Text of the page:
• 1-September-2021

    English

    OECD Development Co-operation Peer Reviews: Denmark 2021

    The OECD’s Development Assistance Committee (DAC) conducts peer reviews of individual members once every five to six years. Reviews seek to improve the quality and effectiveness of members’ development co-operation, highlighting good practices and recommending improvements. Denmark’s development co‑operation is integrated into its foreign policy. Broad political and public support enables Denmark to provide 0.7% of its national income as official development assistance. Denmark champions gender equality, human rights and democracy, supports transparent communication and empowers its partners. Climate change and irregular migration shape Denmark’s approach to development co-operation. Mainstreaming climate objectives would complement Denmark’s significant investments in climate diplomacy. A global leader in fragile contexts, Denmark could better implement the peace component of the humanitarian-development-peace nexus. The Doing Development Differently approach enables flexible budgets and trusting partnerships. Denmark could better integrate poverty reduction across its programme.
  • 13-July-2021

    English

    Dynamics of farm performance and policy impacts: Main findings

    Increasing productivity at farm level is a key policy objective across most countries and fundamental to the overall performance of agricultural and food systems. This paper applies dynamic statistical methods to farm level data in order to identify the determinants of farm performance over time, in terms of productivity and measures of local sustainability. The analysis sheds light on the effects of policies on productivity, and the links between productivity and sustainability outcomes. It draws on key findings from seven case studies: crop farms in Australia, France, Italy and the United Kingdom (England and Wales); and dairy farms in the Czech Republic, Denmark and Norway, with different sample periods, from the most recent three decades to the last five years. A key finding is that policy changes increasing the degree of decoupling of payments have a positive impact on productivity. Furthermore, with the right incentives, productivity growth can be more locally sustainable insofar as farms can produce more output with less inputs that harm the environment. The detailed background work on the seven samples of crops and dairy farms in the above countries is available in OECD Food, Agriculture and Fisheries Paper N°165.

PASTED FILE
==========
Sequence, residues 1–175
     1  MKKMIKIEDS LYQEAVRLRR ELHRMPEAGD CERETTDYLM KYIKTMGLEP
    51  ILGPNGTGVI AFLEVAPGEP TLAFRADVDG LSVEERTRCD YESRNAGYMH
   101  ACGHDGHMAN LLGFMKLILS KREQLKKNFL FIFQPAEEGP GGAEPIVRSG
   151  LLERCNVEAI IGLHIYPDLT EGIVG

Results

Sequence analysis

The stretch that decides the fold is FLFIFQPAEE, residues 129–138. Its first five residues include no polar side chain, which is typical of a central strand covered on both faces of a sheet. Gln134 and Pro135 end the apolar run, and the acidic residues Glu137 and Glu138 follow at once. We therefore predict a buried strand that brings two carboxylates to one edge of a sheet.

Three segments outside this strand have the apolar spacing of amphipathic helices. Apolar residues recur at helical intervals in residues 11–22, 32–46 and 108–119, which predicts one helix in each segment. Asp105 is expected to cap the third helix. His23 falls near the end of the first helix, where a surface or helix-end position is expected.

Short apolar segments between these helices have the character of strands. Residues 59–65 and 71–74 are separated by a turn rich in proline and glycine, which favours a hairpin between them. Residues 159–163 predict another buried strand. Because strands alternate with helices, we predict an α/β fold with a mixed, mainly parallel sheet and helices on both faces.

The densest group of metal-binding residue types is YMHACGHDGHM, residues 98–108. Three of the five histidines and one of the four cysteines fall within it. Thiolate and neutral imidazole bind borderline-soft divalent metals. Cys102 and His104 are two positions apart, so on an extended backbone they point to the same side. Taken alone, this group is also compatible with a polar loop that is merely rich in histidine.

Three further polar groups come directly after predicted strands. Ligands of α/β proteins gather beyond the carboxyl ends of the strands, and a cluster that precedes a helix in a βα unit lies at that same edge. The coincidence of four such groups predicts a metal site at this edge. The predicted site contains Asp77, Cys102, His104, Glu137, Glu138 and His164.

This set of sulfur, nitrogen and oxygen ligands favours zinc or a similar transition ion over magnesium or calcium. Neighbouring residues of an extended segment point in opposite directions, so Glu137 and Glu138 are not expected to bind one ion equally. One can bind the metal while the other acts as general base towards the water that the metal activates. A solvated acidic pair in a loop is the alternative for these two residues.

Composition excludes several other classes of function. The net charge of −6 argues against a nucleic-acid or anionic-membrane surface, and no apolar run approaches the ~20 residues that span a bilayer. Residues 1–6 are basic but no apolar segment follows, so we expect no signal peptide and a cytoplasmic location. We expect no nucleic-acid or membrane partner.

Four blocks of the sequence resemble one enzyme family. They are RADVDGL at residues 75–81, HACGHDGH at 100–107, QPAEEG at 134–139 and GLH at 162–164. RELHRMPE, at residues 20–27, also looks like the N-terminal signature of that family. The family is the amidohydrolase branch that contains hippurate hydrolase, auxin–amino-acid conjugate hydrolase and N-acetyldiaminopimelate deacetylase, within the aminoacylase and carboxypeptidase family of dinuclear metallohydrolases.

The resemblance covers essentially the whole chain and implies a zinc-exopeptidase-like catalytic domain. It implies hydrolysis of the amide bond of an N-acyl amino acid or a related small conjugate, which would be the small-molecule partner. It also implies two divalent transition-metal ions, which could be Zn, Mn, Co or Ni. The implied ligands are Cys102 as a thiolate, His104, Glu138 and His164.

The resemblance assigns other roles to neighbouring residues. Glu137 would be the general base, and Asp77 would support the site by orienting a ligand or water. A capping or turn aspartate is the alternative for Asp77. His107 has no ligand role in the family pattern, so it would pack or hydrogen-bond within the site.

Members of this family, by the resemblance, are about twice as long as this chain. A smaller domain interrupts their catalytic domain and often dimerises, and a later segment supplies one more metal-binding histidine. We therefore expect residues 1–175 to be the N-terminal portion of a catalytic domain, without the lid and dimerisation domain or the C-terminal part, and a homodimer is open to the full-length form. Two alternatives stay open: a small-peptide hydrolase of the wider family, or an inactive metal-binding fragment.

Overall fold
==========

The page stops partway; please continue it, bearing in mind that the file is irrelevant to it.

• 13-July-2021

    English

    Dynamics of farm performance and policy impacts: Case studies - Case Studies

    This paper provides detailed farm level data evidence on the dynamics of farm performance from case studies covering crop farms in Australia, France, Italy and the United Kingdom (England and Wales), and dairy farms in the Czech Republic, Denmark and Norway, with different recent sample periods of five to thirty years. An increase in productivity over time is common to all countries and most crop farm classes, but productivity dynamics vary significantly. In Australia, strong productivity growth among the most productive crop farms has led to an increase in the gap between the highest and lowest performing farms; whereas in France, Italy and the United Kingdom, productivity growth was weak among the most productive crop farms and the lowest performing farms closed the productivity gap. Productivity also increased among dairy farms, with an increasing gap between the most and the least productive farm classes in the three sample countries. The impact of policy changes on performance dynamics is analysed for decoupled payments in France and England, and dairy payments in the Czech Republic. The main findings across countries and policy implications are discussed in OECD Food, Agriculture and Fisheries Paper N°164.
  • 15-June-2021

    English, PDF, 349kb

    OECD Skills Outlook 2021: How does Denmark compare?

    The Skills Outlook Country Profile details key indicators to assess the extent to which Denmark is able to provide strong foundations for lifelong learning; promote effective transitions into further education, training and the labour market and engage adults in learning. It also evaluates the effect of the COVID-19 pandemic on adult learning and the labour market.

    Related Documents
  • 11-June-2021

    English

    Building the STRING megaregion as a green hub in the wake of COVID-19

    STRING is a political cross-border organisation spanning five cities (the Free and Hanseatic City of Hamburg, Copenhagen, Malmö, Gothenburg and Oslo) and eight regions (Schleswig-Holstein, Region of Southern Denmark, Region Zealand, Capital Region of Denmark, Region Skåne, Region Halland, Västra Götalandsregionen and Viken County) across Germany, Denmark, Sweden and Norway. Home to around 14 million inhabitants, STRING has good potential to become a leading European megaregion and an internationally acknowledged Green Hub if governments 'think big' and work together beyond their own boundaries. Building on its green expertise and high levels of innovation and quality of life, STRING could take advantage of current opportunities such as the construction of the Fehmarn Belt Fixed Link to reap the benefits of agglomeration economies and establish itself as a sustainable megaregion. However, time is of the essence. Seizing the political momentum of the coming decade, including the momentum to support a green recovery from COVID-19, will be critical to advance STRING’s green vision and shape a future-proof economic model.